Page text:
Lessons from the Garden (that might save the world)

ippYesterday I had a clumsy day. I forgot things, walked into a wheelbarrow (massive bruising) and knocked over a pot. I was reminded of how much a garden can teach you, other than to watch where you’re going. The pot had artichoke seeds in that I was beginning to lose hope for. I planted them at the beginning of May. I’ve been dutifully carrying them out into the sun in the morning and bringing them in at night and although the sweet peas I planted at the same time are about 5 cm high the artichokes haven’t even peaked up. I was beginning to think they’d probably expired or it was too cold, so when I saw the pot on it’s side, a bit of soil out and a beautiful little germinating plant lying there, it took me a second before I quickly put it back and doused it in water. A couple of days later I might have stopped bothering to look after it.

If you want a child to learn patience, teach them to garden. There is only so much you can do to hurry nature up and it’s usually not worth it, you end up with weak, sickly plants or over-crowded beds, so we have to wait, patiently. Some things come quickly, others take more time. It is frustrating when there is nothing you can do and your daily nurturing elicits no response, just sullen soil staring back at you, but waiting is a skill and plants are good teachers.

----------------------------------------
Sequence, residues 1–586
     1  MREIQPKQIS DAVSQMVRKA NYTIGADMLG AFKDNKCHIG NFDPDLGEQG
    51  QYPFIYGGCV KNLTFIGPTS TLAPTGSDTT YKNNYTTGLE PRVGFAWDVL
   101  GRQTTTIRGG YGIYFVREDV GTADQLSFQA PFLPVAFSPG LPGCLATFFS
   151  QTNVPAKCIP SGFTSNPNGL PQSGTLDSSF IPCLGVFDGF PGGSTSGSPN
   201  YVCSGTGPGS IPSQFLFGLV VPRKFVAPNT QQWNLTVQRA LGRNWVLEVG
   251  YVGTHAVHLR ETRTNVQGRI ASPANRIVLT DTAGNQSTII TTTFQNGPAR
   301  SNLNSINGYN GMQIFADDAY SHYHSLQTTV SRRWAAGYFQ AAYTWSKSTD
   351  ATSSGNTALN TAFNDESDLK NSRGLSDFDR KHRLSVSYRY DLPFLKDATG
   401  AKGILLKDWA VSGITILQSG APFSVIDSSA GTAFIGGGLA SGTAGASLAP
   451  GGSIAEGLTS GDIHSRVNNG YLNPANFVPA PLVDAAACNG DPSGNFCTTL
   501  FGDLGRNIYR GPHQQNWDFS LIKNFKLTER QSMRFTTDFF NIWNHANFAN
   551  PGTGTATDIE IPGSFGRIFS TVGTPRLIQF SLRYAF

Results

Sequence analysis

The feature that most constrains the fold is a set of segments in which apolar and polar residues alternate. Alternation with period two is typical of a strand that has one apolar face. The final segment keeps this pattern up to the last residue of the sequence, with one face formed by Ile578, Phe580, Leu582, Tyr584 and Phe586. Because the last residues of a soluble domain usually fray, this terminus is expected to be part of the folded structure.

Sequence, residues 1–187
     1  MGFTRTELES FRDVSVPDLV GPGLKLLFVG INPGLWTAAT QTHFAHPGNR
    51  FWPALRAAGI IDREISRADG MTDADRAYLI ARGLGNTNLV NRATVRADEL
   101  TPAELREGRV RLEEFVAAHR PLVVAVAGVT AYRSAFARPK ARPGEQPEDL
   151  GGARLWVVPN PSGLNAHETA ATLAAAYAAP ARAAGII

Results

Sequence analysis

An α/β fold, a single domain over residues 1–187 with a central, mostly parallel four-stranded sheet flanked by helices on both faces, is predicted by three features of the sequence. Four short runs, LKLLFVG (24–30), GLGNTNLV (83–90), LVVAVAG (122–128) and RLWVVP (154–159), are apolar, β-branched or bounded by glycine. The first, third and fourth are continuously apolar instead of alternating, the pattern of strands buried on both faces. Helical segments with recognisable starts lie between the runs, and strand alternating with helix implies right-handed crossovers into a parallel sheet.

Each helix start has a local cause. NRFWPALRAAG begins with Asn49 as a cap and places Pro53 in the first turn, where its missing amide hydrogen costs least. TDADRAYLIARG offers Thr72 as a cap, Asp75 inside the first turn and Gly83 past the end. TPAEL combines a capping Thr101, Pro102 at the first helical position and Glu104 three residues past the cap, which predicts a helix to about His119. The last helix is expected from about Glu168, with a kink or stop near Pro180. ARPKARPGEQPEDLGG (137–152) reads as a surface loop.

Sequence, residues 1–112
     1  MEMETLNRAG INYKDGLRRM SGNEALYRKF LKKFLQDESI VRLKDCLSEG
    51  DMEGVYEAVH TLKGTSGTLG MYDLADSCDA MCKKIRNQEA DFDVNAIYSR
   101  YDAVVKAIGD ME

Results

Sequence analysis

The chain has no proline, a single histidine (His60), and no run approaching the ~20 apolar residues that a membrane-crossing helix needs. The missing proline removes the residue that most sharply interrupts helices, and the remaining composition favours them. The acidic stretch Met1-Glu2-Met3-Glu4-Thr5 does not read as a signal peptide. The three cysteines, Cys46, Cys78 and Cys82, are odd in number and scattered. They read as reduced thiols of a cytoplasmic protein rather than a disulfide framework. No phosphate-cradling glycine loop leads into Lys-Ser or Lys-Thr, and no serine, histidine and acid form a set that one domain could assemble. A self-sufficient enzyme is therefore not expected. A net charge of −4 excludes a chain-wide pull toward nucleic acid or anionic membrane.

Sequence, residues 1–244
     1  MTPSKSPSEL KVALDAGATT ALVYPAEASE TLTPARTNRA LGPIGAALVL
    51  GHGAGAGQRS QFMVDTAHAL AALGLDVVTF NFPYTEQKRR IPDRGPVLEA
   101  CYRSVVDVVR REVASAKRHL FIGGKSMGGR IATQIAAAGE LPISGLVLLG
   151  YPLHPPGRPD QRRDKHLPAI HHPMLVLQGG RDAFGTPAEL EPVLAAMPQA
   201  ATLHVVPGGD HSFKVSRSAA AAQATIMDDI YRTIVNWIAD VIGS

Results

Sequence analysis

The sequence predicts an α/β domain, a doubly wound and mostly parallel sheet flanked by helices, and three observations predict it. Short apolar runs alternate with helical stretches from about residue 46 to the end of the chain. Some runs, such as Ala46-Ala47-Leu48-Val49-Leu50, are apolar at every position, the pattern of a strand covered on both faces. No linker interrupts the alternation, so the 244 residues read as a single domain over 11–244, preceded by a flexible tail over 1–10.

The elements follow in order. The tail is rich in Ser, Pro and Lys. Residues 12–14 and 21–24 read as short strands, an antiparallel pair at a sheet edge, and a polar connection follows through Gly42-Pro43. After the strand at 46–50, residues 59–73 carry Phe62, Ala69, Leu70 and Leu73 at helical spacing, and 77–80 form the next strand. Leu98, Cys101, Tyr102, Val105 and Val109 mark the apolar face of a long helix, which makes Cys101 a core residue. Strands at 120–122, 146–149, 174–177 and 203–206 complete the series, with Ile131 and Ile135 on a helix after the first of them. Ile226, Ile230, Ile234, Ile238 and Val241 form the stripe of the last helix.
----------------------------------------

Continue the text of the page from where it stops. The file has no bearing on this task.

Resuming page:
Hand in hand with patience is being able to see the future. Obviously I don’t mean in a clairvoyant way but in being able to imagine and plan and work towards it.

If you want a child to learn to invest, teach them to garden. I am a product of a instant gratification culture, if I can’t get/do something now I’ve probably forgotten it by the time I can, so this has been a hard lesson which I’m still learning. There are things I know I didn’t do because it seemed like the rewards were too far away (like plant asparagus) but time slips by so fast and it will slip by anyway.

So many people can’t see the future, they can’t see how their behaviour today affects tomorrow and they can’t believe that changing it could change the future. There is a saying that to plant a garden is to believe in tomorrow so perhaps the world will be saved in the end not by heroes but by gardeners.